Reporting from the Texas Legislature, with investigation and analysis of the state's economy, public policy, education, and more. 

THE WORST: Representative Joe Pickett

Joe Pickett accomplished the near impossible this session: he made people feel sorry for Representative Jonathan Stickland. The trouble started when Stickland, the bomb thrower from Bedford, knocked one of Pickett’s bills off a calendar. Later that day, Pickett had a chance for payback: his Transportation Committee was set to hear a Stickland bill.

THE WORST: Senator Jane Nelson

To be fair, Jane Nelson spent the session in a thankless position. As chair of the Senate Finance Committee, she was trapped under the leadership of a new lieutenant governor with “bold” ideas and serious boundary issues. It was Dan Patrick, not Nelson, who came up with the idea that Texas’s Republican leaders could spend billions of dollars on property tax relief and preserve their “conservative” credentials by refusing to label it as spending.

THE WORST: Senator Joan Huffman

Judicial temperament usually includes a willingness to consider all sides of an argument, a trait Joan Huffman, a former judge, rarely displayed this session. Intransigence earned Huffman a spot on the Worst list in 2013, and intransigence—along with a bit of self-dealing—has landed her there again.

THE WORST: Senator Donna Campbell

Let’s start with the positive for Donna Campbell. She was assigned to carry one of Greg Abbott’s priority initiatives: enhanced funding for pre-K programs. She handled that ably enough, ushering it to passage, and so the fact that she’s landed on the Worst list is an indication of just how dreadfully Campbell performed on nearly everything else.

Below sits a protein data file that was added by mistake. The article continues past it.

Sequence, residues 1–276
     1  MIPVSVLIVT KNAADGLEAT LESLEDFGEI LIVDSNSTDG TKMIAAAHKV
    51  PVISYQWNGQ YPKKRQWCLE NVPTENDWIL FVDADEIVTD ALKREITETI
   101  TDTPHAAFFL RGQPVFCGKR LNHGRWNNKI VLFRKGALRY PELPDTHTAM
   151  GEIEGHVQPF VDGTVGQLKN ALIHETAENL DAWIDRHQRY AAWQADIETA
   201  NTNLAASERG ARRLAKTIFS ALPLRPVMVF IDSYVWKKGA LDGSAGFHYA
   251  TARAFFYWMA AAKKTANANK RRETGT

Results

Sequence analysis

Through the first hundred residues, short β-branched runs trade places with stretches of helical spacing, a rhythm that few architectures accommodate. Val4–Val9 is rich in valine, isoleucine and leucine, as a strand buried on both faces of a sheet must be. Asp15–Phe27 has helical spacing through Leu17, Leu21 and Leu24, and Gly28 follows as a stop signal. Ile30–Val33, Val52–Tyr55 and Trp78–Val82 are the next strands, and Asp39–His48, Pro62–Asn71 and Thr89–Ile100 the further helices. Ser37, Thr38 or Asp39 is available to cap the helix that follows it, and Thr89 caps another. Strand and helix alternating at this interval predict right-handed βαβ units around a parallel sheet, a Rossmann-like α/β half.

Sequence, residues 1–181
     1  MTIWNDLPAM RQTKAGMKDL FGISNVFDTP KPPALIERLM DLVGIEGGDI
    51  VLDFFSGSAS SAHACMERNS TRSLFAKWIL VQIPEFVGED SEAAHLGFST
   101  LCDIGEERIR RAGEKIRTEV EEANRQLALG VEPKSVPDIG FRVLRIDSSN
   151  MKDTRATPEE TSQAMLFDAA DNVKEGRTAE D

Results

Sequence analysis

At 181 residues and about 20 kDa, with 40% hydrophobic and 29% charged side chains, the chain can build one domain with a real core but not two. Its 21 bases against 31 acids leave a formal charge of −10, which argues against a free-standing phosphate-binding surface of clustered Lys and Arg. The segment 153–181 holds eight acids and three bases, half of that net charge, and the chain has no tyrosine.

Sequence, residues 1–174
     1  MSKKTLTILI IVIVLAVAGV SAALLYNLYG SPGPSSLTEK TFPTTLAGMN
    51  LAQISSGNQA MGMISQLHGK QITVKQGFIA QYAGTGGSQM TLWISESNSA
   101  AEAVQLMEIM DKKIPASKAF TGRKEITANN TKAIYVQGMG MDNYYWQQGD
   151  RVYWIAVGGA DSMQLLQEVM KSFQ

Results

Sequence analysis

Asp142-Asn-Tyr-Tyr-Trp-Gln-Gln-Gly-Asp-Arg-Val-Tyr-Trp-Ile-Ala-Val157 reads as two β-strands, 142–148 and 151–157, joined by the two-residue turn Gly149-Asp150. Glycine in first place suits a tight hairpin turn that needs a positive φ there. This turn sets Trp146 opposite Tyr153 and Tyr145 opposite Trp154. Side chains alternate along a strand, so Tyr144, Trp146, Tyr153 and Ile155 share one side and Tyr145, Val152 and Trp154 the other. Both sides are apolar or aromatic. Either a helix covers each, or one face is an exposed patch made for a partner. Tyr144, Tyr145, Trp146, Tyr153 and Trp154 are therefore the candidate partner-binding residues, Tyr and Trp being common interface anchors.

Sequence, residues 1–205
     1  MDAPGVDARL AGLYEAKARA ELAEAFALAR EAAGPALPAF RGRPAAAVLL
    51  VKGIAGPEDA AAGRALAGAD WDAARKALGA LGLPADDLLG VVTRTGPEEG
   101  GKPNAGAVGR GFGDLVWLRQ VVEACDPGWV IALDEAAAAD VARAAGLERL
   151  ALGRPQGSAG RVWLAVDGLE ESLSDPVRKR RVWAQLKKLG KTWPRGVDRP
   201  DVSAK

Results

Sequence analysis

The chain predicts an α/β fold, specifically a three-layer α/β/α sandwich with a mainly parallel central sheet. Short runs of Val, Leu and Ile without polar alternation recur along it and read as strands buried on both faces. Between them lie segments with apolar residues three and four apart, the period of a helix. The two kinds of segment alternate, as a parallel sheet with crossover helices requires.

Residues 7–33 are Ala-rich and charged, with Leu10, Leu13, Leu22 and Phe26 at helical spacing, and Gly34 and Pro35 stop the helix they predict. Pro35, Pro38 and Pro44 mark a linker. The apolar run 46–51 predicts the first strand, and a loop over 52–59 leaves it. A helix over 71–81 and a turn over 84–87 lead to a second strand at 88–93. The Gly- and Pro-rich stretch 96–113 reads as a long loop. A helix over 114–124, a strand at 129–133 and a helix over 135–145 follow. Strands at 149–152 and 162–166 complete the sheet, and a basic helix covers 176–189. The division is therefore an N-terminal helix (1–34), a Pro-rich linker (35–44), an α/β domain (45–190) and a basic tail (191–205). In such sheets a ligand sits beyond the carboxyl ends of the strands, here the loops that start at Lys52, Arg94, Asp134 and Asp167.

THE BEST: Representative Sylvester Turner

The Legislature will miss Sylvester Turner. Often called “the conscience of the House,” he’s retiring after 26 years to run for mayor of Houston. He was typically at the center of the action, defending vulnerable Texans with oratory that stirred the soul.

Turner has twice appeared on the Best list and once on the Worst. Two years ago, we named him Bull of the Brazos. This session, however, he was once again one of the Legislature’s best.

THE BEST: Representative John Otto

John Otto didn’t show off much this session. He wasn’t often seen at the front microphone, yet few did better work on behalf of the state. As a first-time chair of the Appropriations Committee, he tackled the biggest job of the session: passing a budget. That’s never an easy task in Texas, which has one of the lowest per capita spending rates in the country and plenty of real needs. And this time around, it was harder than it should have been.

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